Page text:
UNMISS-funded human rights forum urges constructive, united electoral participation
CENTRAL EQUATORIA – “True democracy requires the poorest and most marginalized citizens to have their voices included in making meaningful decisions on issues which affect their lives and livelihoods,” said Zahra Said Ali, a Women, Peace, and Security Officer for the South Sudanese Network for Democracy and Elections (SSuNDE).
The passionate civil society activist was speaking at a recent event in Juba, South Sudan’s capital city, hosted by the Human Rights Division of UNMISS, with support from the Office of the Human Rights Advisor to the Governor of Central Equatoria state, and other partners.
The forum had a singular purpose: To enhance human rights through inclusive participation of all stakeholders in South Sudan’s first post-independence elections slated for December 2024.
The event attracted some 60 delegates – 25 women and 35 men – academics, lawyers as well as members of human rights commissions, civil society organizations, faith-based groups, and representatives from political parties.
For Justice Ajonye Perpetua Paya, a South Sudanese constitutional lawyer, democracy lies in the willingness of politicians to embrace one another as members of one family while holding differing opinions.
“Democratization of the electoral process entails tolerance among political parties, inclusion of women’s voices at all levels of government, plus free and fair representation of youth, civil society organizations, people with disabilities, and, finally, decide on modalities needed to ensure transparent elections,” said Justice Paya.
Idrissa Kamara, an Electoral Affairs Officer with the UN Peacekeeping mission, stressed the importance of a unified national army.
“I encourage you to put your differences aside and expedite the deployment of the unified army to help provide the security and protection necessary before, during, and after elections,” he stated.
“In all democracies, credible elections help empower citizens to express their opinions and will at the ballot boxes without fear or intimidation. This is the only acceptable way of giving political leaders the requisite legitimacy,” added Deputy Governor of Eastern Equatoria, Sarah Nene, speaking on behalf of Governor Emmanuel Adil Anthony.
“Elections, which are a human right, are a true democracy’s heartbeat. The will of the people must be respected, and rights enjoyed by every citizen. To achieve this, voter registration and voter education must be conducted in a timely fashion,” she added.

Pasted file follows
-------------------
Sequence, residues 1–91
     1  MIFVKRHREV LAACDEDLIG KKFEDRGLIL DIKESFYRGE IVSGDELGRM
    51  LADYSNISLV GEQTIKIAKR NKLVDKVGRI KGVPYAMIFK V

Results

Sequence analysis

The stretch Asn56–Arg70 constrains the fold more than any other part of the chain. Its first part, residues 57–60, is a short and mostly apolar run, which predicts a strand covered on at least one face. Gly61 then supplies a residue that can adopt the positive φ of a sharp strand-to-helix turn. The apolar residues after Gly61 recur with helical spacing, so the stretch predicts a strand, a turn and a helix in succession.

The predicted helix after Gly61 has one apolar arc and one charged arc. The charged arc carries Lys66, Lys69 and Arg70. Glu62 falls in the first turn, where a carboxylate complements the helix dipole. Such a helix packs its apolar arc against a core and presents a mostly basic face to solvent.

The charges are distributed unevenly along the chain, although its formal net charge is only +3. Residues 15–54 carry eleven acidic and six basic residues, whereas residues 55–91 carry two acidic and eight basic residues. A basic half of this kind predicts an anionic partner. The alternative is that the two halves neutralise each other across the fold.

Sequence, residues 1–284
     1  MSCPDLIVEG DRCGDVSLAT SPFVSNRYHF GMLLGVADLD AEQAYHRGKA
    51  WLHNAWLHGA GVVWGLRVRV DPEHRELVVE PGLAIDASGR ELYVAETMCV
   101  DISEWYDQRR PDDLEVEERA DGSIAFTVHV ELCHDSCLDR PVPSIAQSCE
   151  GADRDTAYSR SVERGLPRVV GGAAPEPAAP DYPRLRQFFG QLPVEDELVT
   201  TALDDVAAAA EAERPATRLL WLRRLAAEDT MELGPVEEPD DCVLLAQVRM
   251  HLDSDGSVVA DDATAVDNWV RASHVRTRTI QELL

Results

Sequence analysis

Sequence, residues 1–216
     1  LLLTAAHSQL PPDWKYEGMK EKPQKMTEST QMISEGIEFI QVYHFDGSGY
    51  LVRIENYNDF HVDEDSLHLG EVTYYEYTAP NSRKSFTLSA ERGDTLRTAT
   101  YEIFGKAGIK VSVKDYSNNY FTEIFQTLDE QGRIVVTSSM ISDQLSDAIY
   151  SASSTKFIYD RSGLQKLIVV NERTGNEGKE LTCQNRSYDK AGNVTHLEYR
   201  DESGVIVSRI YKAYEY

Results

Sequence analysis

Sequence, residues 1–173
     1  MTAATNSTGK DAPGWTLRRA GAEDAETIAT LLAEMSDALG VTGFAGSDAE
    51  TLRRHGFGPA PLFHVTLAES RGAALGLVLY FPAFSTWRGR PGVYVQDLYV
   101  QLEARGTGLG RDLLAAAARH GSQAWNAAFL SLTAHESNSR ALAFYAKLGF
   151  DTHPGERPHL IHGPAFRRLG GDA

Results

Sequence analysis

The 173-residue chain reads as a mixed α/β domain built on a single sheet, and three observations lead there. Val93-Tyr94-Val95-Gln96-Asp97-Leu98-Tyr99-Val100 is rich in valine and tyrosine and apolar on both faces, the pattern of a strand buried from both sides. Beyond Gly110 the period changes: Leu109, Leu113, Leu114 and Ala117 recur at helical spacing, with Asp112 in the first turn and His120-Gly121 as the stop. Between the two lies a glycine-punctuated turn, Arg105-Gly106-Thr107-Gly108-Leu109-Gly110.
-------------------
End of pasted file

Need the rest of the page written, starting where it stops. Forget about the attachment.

Director of Human Rights Division in UNMISS, Musa Gassama, echoed these sentiments.
“Elections and human rights, though unique and distinct in their own rights, are inseparable and interwoven, as electoral processes offer citizens the opportunity to participate in public affairs and contribute to their governance system,” he averred.
“Elections are about participation, inclusion, voting and being voted for, coupled with fundamental freedoms of assembly, speech, and opinion without they would be a merely tokenism,” added Mr. Gassama
For her part, Margret Jore, Chair of Juba County Women’s Association, said she was looking forward to a post-election period where every citizen would live in peace and be economically self-sufficient.
“I am waiting for a day when there will be no land-grabbing or cattle rustling, women and girls will never have to fear sexual violence, and communities will farm their lands and trade without fear of looting or being killed,” she revealed.
The UN Peacekeeping mission is working with all stakeholders to support this young nation in the lead up to elections.
“We are working with partners to create the civic and political space needed for free, fair and credible elections to take place,” asserted Victor Fasama, Acting Head of the UNMISS Field Office in the state.
The forum also sought to develop resolutions to govern the conduct of business before and during elections in the state.